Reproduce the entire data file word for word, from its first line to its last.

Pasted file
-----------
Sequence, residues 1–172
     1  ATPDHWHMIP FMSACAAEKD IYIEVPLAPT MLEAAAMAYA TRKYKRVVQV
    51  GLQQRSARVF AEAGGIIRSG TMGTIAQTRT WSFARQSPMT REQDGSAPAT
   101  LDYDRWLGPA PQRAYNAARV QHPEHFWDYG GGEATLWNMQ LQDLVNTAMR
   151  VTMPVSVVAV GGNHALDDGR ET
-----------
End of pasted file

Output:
Sequence, residues 1–172
     1  ATPDHWHMIP FMSACAAEKD IYIEVPLAPT MLEAAAMAYA TRKYKRVVQV
    51  GLQQRSARVF AEAGGIIRSG TMGTIAQTRT WSFARQSPMT REQDGSAPAT
   101  LDYDRWLGPA PQRAYNAARV QHPEHFWDYG GGEATLWNMQ LQDLVNTAMR
   151  VTMPVSVVAV GGNHALDDGR ET